Looking, in some ways, rather like an improved and strengthened Adept or modified Perris lathe, the English-built Centrix Micro also resembled the early Flexispeed models - though if there was ever any connection between the various companies is not known. Manufactured by Centrix Precision Products in Shoreham-by-sea the lathe exhibited a decent cosmetic finish with the neat, knurled-edge and plated handles on the compound slide-rest, leadscrew and tailstock being handsome and easy to grip. Both headstock and countershaft spindles ran directly in their surrounding (cast-iron) metal - an excellent, low-cost solution providing the shafts were hardened - and fitted with what looked like simple plastic thrust washers. The split headstock "bearings" could be closed down slightly on the shaft and, although the two model illustrated below have survived in splendidly original condition, there must have been many examples consigned to the scrap bin when the owner's over enthusiasm with a spanner snapped the bearing caps. The oil holes in headstock and countershaft where simple drillings, with no form of cover to prevent the ingress of swarf or dirt. As an option backgear was available, but added considerably to the price and few examples can have been so equipped.
With the saddle and apron cast in one piece the carriage was driven along the cantilever-form, gap bed by an "overhung" leadscrew held within a bearing at the tailstock end of the bed and acting through a "full" nut fastened to the apron. The leadscrew thread was an ordinary left-hand BSF thread that, although it provided a very fine feed, was not as effective as an Acme form at providing an easy motion under load, nor at resisting wear as well. Like the Adept and some other small lathes, the tool thrust on the saddle was taken out on the back of the bed against an adjustable gib strip - not the best engineering solution (the thrust should be against a solid face) but one that would have worked well enough considering the small forces involved. Happily, the slide rest was of the compound type and the handwheels, instead of having handles were fitted, Flexispeed-like, with large diameter, knurled-edge wheels. The cross slide carried T two slots that permitted the mounting of a vertical-milling slide and a repositioning of the top slide to assist with the machining of awkward jobs.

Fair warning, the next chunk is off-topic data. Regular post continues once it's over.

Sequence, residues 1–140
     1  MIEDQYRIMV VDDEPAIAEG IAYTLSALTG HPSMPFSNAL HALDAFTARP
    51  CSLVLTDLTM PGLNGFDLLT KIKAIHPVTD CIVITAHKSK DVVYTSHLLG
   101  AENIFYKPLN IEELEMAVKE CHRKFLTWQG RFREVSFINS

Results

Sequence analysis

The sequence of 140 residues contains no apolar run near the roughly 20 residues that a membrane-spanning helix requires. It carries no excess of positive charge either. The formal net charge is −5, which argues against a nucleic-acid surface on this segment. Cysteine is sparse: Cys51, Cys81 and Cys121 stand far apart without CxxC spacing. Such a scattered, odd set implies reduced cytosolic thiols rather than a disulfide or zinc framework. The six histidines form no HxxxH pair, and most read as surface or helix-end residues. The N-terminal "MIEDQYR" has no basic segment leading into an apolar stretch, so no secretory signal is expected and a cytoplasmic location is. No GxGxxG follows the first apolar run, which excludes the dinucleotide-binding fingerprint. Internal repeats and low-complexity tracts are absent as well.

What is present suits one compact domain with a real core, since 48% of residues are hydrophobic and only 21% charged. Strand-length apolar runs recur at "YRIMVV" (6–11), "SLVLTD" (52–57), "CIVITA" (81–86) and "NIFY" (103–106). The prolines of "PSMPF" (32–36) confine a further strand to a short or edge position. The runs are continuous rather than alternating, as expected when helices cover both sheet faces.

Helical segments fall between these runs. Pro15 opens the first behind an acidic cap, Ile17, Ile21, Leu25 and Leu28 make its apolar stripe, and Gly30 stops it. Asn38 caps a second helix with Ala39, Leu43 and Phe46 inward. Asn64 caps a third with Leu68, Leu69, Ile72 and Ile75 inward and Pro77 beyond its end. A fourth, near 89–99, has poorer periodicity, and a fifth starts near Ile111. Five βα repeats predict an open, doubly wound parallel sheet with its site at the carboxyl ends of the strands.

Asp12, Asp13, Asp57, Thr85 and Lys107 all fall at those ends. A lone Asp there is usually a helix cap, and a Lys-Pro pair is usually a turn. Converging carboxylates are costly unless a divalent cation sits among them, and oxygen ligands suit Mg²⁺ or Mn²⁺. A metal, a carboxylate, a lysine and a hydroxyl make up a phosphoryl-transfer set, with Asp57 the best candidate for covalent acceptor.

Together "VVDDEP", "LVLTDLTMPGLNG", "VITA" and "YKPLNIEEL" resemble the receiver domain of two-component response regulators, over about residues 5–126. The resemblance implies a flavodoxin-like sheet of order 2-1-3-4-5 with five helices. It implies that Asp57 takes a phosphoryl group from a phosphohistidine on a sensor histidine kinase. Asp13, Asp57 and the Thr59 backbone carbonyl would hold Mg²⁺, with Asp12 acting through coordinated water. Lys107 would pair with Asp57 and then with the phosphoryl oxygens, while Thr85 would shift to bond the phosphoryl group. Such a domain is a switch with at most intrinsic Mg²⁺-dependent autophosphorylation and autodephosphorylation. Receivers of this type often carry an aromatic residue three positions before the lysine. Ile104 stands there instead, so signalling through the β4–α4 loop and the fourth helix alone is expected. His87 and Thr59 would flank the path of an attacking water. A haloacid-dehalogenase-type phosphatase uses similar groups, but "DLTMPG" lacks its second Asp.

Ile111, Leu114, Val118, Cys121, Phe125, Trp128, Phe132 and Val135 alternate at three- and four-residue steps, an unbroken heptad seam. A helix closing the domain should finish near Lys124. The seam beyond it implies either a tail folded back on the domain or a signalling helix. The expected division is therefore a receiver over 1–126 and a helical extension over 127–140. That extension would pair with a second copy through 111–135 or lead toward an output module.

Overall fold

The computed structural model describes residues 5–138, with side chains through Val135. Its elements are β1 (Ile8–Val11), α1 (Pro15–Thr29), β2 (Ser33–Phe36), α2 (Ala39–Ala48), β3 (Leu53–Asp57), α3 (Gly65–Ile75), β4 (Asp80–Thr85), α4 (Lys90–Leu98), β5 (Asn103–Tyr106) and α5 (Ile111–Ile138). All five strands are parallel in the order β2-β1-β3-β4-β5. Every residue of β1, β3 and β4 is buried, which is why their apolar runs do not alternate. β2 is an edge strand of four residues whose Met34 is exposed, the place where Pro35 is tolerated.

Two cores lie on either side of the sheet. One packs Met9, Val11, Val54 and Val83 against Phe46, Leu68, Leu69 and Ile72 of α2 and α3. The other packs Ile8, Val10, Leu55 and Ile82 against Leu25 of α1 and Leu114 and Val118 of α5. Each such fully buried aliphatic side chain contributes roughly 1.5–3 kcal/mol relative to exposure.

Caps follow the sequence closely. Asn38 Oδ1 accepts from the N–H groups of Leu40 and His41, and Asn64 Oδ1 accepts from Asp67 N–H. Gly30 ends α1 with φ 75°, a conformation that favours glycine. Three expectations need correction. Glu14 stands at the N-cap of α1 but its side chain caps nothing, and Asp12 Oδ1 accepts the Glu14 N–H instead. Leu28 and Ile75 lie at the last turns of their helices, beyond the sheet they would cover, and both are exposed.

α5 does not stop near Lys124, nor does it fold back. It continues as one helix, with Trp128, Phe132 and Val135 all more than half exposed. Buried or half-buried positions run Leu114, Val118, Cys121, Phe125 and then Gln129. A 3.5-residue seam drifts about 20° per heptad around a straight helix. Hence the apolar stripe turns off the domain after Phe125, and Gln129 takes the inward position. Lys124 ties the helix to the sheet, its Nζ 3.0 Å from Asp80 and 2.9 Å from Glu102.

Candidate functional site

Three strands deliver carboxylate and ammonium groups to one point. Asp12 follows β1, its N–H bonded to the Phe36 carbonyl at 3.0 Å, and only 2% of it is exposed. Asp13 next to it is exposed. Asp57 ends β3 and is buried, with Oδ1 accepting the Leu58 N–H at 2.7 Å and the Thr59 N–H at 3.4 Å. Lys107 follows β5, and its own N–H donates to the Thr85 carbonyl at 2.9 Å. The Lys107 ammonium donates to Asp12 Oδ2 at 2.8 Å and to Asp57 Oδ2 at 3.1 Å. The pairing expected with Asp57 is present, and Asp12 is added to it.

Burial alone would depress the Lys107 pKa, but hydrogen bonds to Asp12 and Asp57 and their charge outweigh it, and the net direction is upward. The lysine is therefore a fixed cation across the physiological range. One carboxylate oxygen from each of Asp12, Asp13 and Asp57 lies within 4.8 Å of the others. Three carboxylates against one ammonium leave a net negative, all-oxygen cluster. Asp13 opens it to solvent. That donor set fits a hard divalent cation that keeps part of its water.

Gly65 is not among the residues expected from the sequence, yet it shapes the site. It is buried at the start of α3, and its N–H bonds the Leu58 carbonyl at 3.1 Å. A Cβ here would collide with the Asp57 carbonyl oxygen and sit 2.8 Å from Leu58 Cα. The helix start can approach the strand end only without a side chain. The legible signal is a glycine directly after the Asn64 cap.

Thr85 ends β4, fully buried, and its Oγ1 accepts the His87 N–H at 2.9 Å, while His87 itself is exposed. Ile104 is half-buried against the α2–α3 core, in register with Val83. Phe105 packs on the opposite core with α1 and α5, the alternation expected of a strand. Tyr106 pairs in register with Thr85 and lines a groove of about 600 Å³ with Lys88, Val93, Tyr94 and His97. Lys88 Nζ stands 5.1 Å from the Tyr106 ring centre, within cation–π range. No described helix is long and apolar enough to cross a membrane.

Fitted with a proper eccentric bar and handwheel to lock it to the bed, the tailstock carried a thread on the end of its barrel that matched that on the headstock; a simple split in the tailstock casting (the crudest of methods) was closed down by an Allen screw to lock the barrel.
Simple but effective, the countershaft unit was bolted to the back of the lathe bed immediately beneath the headstock. Because the forces involved were so low, the belt tension was set not by a complicated, over-centre adjustable locking mechanism but simply by tightening the bolt that acted as the swing-head hinge pin - an idea also used on some models of Lorch L-Series lathes. Unfortunately this was both an awkward and not altogether successful solution, owners reporting that, unless set "just so" belt slippage was a constant problem. While the large countershaft pulley was just an unnecessarily and overlarge M-section unit by Picador, the 3-step was specially-made and took a narrow Z-section V belt. Spindle speeds with a 1425 rpm motor would have been (depending on the motor and countershaft pulley sizes) approximately 200, 400 and 800 r.p.m.
Centrix also manufactured a very interesting wood-turning lathe. This was an all-aluminium machine with steel inserts for the bed ways and available with a neat planer, saw bench, bowl-turning attachment and horizontal belt sander..